DNS - Install xinetd

Use apt-get or yum to install xinetd.

[root@server1 ~]# apt-get install xinetd
[root@server1 ~]# yum install xinetd


Xinetd (extended Internet daemon) is a service that listens for network connections for other daemons. For example, xinetd may listen for HTTP connections for the Apache deamon. One advantage is that numerous services do not need to be actively listening for connections from a foreign host. Instead, only the xinetd deamon needs to listen, and when a request comes in from a foreign host for one of the deamons on the server, xinetd will then start the necessary service.

Xinetd replaced Inetd (Internet daemon). Inetd is no longer found in most modern distributions, and has mostly been replaced with xinetd.

The ps command can be used to determine if your system is using init or systemd. If PID 1 is init, then you will use the service command. If PID 1 is systemd, then you will use the systemctl command.

If your system is using systemd, use the systemctl command to start and enable xinetd.

systemctl enable xinetd
systemctl start xinetd
systemctl status xinetd


If your system is using init, use the chkconfig and service commands to start and enable xinetd.

chkconfig xinetd on
service xinetd start
service xinetd status


The xinetd configuration file is located at /etc/xinetd.conf. The /etc/xinetd.conf file contains the system wide settings. At the very end of the /etc/xinetd.conf file is the following line. This line tells xinetd to also use files in the /etc/xinetd.d/ directory.

includedir /etc/xinetd.d


Files in the /etc/xinetd.d/ directory are used to control how a daemon uses xinetd. For example, if the FTP deamon will use xinetd, there will be a file in the /etc/xinetd.d/ directory for the FTP daemon. 

Following is an example of the /etc/xinetd.d/rsync file. 

# This is the tcp version
service rsync
    disabled     = yes
    socket_type  = stream
    protocol     = tcp
    user         = root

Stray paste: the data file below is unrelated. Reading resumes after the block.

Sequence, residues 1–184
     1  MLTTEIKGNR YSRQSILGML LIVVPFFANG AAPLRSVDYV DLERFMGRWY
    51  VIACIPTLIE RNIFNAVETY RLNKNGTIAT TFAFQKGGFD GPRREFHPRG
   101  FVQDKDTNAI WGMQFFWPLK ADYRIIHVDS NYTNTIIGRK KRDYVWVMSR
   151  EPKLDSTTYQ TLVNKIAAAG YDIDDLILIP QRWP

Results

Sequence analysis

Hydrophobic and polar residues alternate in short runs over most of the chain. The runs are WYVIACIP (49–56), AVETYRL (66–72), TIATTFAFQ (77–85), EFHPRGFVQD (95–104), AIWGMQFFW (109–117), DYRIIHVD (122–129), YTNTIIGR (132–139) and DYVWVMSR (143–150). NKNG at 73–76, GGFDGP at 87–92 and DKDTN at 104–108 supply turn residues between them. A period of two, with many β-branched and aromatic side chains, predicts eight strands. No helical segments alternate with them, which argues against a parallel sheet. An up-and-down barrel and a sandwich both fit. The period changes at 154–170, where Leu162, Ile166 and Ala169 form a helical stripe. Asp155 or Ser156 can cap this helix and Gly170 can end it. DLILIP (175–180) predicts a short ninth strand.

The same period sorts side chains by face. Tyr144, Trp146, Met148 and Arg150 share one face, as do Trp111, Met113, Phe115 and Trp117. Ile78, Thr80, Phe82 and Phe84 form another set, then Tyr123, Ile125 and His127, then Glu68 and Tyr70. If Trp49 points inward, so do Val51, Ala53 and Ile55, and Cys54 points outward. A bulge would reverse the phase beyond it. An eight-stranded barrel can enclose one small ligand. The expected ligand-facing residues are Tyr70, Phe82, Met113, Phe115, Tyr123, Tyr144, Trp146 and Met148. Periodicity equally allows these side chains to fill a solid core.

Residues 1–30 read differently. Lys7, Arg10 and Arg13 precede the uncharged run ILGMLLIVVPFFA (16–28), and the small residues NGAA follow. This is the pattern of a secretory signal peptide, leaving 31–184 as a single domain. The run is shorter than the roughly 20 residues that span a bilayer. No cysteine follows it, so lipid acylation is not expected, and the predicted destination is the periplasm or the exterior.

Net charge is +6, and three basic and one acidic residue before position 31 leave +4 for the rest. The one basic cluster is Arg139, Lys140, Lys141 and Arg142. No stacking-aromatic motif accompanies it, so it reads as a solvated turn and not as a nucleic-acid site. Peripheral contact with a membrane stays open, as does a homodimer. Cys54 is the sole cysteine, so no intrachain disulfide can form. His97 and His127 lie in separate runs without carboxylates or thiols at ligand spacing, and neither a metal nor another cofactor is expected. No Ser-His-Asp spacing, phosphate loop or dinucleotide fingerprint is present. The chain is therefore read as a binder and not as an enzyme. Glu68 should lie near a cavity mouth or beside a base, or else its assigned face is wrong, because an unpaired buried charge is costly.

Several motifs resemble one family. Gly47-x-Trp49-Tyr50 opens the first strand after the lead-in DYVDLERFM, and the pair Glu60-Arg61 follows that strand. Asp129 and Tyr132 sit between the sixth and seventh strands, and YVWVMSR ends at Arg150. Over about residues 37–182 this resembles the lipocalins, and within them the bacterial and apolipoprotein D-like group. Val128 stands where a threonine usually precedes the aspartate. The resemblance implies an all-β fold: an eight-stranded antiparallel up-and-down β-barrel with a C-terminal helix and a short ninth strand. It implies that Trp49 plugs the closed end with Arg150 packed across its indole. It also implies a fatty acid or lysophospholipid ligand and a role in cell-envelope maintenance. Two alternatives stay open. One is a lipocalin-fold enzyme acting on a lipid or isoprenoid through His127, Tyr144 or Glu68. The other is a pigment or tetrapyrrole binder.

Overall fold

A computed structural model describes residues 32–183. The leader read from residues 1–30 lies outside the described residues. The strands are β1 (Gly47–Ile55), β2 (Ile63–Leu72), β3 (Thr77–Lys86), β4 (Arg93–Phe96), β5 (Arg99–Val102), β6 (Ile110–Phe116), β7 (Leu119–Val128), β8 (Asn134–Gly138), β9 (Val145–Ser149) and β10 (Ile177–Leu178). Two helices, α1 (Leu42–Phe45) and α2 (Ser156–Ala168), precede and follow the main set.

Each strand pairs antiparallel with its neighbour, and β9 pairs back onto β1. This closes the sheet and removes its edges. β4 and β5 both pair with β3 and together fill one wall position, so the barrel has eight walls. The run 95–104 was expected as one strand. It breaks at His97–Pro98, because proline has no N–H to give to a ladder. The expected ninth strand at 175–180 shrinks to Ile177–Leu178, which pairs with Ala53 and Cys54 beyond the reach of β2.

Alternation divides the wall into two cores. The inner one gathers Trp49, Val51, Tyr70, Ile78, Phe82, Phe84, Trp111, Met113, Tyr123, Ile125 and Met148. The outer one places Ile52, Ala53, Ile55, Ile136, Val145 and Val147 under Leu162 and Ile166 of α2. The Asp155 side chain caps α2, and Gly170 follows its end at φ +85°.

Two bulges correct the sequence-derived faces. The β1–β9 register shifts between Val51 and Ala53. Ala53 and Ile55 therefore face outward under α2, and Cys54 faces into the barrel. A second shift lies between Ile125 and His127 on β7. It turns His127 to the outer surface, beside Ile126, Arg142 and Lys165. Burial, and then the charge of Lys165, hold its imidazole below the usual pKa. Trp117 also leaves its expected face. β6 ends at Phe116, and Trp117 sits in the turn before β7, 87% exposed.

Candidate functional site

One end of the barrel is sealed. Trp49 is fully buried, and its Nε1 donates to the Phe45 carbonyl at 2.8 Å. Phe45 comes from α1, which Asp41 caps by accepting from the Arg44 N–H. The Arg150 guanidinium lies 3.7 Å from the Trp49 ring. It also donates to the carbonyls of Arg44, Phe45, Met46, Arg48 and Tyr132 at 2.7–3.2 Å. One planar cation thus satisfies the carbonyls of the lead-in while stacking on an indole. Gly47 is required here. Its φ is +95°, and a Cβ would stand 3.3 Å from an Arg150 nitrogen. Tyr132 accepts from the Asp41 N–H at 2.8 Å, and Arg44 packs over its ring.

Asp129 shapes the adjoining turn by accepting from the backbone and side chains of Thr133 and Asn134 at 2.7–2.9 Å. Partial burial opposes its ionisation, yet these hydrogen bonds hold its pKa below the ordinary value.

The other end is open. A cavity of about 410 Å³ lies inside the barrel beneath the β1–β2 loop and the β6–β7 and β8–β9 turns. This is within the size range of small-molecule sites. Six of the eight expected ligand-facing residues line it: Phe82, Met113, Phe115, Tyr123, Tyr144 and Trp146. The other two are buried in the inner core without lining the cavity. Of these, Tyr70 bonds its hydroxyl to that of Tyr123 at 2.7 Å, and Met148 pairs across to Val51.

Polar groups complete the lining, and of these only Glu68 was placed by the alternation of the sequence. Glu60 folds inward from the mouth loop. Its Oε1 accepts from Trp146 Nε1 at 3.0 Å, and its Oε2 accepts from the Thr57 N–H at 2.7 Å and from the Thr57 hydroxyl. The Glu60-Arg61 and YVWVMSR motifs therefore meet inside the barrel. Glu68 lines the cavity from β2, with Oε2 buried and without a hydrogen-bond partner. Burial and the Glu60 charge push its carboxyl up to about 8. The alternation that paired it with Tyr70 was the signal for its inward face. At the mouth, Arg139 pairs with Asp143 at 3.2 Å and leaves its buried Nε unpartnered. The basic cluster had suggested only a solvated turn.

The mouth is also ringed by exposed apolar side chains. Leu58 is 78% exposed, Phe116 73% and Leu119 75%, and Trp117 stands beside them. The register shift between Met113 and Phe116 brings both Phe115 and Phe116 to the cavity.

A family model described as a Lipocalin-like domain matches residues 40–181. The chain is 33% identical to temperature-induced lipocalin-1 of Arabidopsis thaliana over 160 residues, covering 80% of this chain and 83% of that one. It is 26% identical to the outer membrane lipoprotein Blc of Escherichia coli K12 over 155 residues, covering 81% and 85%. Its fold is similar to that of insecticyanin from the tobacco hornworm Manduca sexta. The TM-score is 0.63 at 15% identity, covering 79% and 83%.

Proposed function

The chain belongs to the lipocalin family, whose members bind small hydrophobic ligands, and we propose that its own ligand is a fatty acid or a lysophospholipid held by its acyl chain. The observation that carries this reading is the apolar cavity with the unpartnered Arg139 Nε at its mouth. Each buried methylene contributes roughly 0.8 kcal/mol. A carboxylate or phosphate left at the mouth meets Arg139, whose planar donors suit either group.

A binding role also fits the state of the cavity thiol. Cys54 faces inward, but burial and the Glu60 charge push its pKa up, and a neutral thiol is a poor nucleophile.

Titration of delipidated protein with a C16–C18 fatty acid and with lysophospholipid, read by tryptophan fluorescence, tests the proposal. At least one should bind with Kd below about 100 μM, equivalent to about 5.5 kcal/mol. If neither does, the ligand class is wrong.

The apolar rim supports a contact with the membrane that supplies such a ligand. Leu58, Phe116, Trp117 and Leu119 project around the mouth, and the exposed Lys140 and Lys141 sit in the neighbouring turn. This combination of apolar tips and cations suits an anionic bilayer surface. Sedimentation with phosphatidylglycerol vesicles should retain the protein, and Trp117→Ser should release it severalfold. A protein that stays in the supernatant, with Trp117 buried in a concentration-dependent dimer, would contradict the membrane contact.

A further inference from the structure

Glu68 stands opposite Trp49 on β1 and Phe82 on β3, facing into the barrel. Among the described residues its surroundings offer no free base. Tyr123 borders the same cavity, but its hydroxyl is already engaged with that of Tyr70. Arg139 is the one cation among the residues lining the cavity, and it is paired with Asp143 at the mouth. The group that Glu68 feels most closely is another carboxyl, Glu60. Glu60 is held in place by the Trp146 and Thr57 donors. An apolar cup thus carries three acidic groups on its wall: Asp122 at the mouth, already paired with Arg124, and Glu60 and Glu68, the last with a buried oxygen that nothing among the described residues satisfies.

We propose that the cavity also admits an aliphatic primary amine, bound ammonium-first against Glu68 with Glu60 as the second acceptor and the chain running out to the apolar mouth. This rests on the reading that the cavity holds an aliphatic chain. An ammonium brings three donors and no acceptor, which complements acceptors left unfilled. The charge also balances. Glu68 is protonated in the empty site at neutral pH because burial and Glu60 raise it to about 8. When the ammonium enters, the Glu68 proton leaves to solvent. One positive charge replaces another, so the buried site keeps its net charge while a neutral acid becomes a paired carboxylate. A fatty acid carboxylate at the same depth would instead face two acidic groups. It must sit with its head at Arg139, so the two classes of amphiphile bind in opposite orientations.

wait         = no
    server       = /usr/bin/rsync

# This is the udp version
service rsync
    disabled     = yes
    socket_type  = dgram
    protocol     = udp
    user         = root
    wait         = yes
    server       = /usr/bin/rsync


In the prior example, notice there are two sections, one for TCP and one for UDP. This is very common.

  • service = The name of the service as it appears in the /etc/services file (rsync in this example)
  • disabled = Yes means that xinetd will be used for the service. No means that xinetd will not be used for the service. By default, most services have disabled set to yes.
  • socket_type = stream, dgram, or raw. Stream is typically used when protocol is TCP, and dgram is typically used when protocol is UDP.
  • protocol = TCP or UDP
  • wait = no will be used if socket_type is stream or raw. Yes or no can be used if socket_type is dgram.
  • user = User account use, such as root, nobody, or user1.
  • server = path to the service of the server

Xinetd is not limited to only these parameters. There are a variety of parameters that can be used, and each file in the /etc/xinetd.d/ directory can have it's own unique set of parameters. Following are some additional parameters you may want to use.

  • only_from = IP addresses, network address, or computers that are allowed, separated by a space. Only those listed will be allowed.
  • no_access = IP addresses, network address, or computers that are denied, separated by a space. Only those listed will be denied.
  • access_time = sets the time when the deamon can be accessed, such as 7:00 - 19:00. If a session is started in this time, the session can go outside of the period.


Add a Comment

We will never share your name or email with anyone. Enter your email if you would like to be notified when we respond to your comment.

Please enter 19ad2 in the box below so that we can be sure you are a human.


Web design by yours truely - me, myself, and I   |   jeremy.canfield@freekb.net   |